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Re: Ongoing Port 6000 attacks, Windows Xserver Compromises, keyloggers
From: "James J. Barlow" <jbarlow () NCSA UIUC EDU>
Date: Wed, 24 Jan 2007 18:16:19 -0600

Warren,

Good writeup and thanks for the info.  I just have a couple things to
add since what Brian Smith-Sweeney from NYU replied with is spot on to
what we have seen here at NCSA.

As for the sample binary or script that attacks port 6000, we caught
one of these scanning out of our network with a compromised account.
The malware that they were using was pretty basic (this may or may not be
similar to what was on your network).  A script runs a binary which would
do a scan given a network block and port then would put the open IP's
into a file.  Script then feeds those IP addresses into another binary
that would attach to port 6000 of the remote host and start keystroke
logging to a file.  The last script would check the keystroke files for
ssh, telnet, and rlogin attempts.

We have this package if you are interested, and have used it to scan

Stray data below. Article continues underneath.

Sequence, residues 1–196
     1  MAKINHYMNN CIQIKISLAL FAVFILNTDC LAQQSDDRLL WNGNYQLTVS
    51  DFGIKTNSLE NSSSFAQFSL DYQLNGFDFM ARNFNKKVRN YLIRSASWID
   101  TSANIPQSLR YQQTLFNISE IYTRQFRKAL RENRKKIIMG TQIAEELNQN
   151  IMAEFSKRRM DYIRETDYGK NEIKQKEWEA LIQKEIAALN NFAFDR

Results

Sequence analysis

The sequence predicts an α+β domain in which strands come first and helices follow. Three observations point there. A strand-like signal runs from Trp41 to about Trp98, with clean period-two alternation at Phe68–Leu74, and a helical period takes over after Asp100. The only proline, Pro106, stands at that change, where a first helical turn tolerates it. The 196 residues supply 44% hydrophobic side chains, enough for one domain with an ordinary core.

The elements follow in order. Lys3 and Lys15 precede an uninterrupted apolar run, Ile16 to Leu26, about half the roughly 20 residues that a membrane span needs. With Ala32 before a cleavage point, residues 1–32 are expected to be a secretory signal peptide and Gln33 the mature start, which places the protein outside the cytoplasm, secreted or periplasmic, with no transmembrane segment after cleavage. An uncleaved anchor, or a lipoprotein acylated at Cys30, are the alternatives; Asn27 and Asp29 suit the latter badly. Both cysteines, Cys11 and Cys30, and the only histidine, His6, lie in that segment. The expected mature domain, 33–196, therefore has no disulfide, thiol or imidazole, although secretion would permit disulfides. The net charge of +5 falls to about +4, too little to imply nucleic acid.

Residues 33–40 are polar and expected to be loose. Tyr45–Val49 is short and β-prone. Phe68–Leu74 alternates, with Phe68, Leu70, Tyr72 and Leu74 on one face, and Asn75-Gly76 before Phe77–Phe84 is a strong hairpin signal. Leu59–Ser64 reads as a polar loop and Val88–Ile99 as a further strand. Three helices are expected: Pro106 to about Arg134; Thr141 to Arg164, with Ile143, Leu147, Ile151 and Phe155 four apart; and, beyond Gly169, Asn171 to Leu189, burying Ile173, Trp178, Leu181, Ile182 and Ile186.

our network on occassion to see if there are open X-servers (and it's
amazing how many one can actually find).  We were just surprised that
they were not looking for more juicy stuff like SSH RSA passphrases,
PGP passphrases, or grid cert passphrases.


On Wed, Jan 24, 2007 at 04:42:36PM -0500, Warren Petrofsky wrote:

On several of our machines we found scripts and IRC bots installed in
obfuscated directories like /dev/shm/ /someDirName or
/var/samba/ /samba/.. /someDirName.  (note the spaces and dots).  We
have yet to find a sample of the binary or script attacking port 6000.

--
James J. Barlow   <jbarlow () ncsa uiuc edu>
Head of Security Operations and Incident Response
National Center for Supercomputing Applications    Voice : (217)244-6403
1205 West Clark Street, Urbana, IL  61801           Cell : (217)840-0601
http://www.ncsa.uiuc.edu/~jbarlow                    Fax : (217)244-1987

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